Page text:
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Russian President Vladimir Putin and US President-elect Donald Trump agree to Normalise Ties

The principal topic of Monday’s discussion was the current state of relations between the U.S. and Russia

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Donald Trump
Donald Trump. Wikimedia

Nov 15, 2016: Russian President Vladimir Putin and US President-elect Donald Trump concluded their first telephone conversation with an agreement to instruct their respective staffs to begin planning for a personal meeting, the Kremlin said.

“It was agreed to maintain contact by phone and arrange a meeting in person in the future, with preparations to be conducted by representatives of both sides,” the Russian government said in a statement on Monday, Efe news reported.

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The principal topic of Monday’s discussion was the current state of relations between the U.S. and Russia.

Mr. Trump and Mr. Putin “not only agreed on the absolutely unsatisfactory state of bilateral relations but also expressed support for active joint efforts to normalize relations and pursue constructive cooperation on the broadest possible range of issues,” according to the Kremlin.

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The Russian leader told Mr. Trump that he was “ready to develop a dialogue of partnership with the new administration on the principles of equality, mutual respect and non-interference in each other’s domestic affairs,” the statement said.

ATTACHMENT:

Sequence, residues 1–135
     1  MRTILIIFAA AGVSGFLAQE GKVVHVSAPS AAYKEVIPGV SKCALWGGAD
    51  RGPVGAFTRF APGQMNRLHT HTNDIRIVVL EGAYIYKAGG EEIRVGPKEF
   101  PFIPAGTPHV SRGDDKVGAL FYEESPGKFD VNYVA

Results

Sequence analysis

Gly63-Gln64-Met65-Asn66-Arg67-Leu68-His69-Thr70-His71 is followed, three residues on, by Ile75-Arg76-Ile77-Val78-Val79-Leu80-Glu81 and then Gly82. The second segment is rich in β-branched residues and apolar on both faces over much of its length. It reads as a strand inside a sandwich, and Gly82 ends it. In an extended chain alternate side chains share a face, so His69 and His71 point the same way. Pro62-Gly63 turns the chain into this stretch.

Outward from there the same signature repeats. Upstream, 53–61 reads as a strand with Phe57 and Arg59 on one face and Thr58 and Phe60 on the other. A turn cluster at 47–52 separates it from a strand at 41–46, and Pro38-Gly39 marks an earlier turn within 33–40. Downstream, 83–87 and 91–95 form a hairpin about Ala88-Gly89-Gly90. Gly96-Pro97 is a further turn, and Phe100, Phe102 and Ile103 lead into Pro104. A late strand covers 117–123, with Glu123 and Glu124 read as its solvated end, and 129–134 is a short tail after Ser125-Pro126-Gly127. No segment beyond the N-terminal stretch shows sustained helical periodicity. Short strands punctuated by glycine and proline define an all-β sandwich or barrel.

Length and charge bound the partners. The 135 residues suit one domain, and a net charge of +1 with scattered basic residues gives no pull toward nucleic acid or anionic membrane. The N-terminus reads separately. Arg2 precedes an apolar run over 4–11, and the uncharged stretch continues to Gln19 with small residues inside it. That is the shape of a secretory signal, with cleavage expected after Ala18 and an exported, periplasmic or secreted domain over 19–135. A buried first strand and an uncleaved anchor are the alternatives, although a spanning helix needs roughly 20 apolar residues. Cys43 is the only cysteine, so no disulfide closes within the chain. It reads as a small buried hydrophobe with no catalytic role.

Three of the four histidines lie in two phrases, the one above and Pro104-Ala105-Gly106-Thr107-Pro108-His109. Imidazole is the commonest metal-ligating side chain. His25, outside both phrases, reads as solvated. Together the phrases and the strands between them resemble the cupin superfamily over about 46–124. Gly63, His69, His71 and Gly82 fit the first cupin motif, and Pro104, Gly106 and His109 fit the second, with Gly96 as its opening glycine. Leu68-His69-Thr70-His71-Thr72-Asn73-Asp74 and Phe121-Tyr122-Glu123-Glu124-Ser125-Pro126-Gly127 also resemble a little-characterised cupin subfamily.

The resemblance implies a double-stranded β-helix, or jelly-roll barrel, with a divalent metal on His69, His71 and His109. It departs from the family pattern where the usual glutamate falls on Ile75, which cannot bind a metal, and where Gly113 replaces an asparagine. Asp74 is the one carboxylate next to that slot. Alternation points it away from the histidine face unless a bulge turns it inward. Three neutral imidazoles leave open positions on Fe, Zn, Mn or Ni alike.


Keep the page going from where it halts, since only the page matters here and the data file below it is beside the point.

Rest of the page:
Both agreed that the upcoming 210th anniversary of the establishment of diplomatic relations between Russia and the US “should encourage a return to pragmatic, mutually beneficial cooperation in the interests of both countries, as well as global stability and security,” the Russian government said.

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Turning to global issues, both the leaders“both spoke of the need to work together in the struggle against the number one common enemy — international terrorism and extremism. In this context, they discussed issues related to solving the crisis in Syria,” according to the statement.

Following the Kremlin announcement, Mr. Trump’s office confirmed the call with Mr. Putin, saying that that two leaders discussed a “range of issues including the threats and challenges facing the United States and Russia.”

Mr. Trump also told Mr. Putin he looks forward to “a strong and enduring relationship with Russia and the people of Russia,” the president-elect’s team said. (IANS)

 

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U.S. President Donald Trump Vetoes Measure to End U..S Involvement in Yemen War

ump issued his first veto last month on legislation related to immigration. Trump had declared a national emergency so he could use more money to construct a border wall. Congress voted to block the emergency declaration and Trump vetoed that measure.